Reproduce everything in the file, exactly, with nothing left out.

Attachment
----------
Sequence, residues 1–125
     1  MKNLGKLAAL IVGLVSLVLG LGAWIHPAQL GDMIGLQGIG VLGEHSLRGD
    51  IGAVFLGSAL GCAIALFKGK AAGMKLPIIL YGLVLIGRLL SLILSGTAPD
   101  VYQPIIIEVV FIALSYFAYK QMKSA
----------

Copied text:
Sequence, residues 1–125
     1  MKNLGKLAAL IVGLVSLVLG LGAWIHPAQL GDMIGLQGIG VLGEHSLRGD
    51  IGAVFLGSAL GCAIALFKGK AAGMKLPIIL YGLVLIGRLL SLILSGTAPD
   101  VYQPIIIEVV FIALSYFAYK QMKSA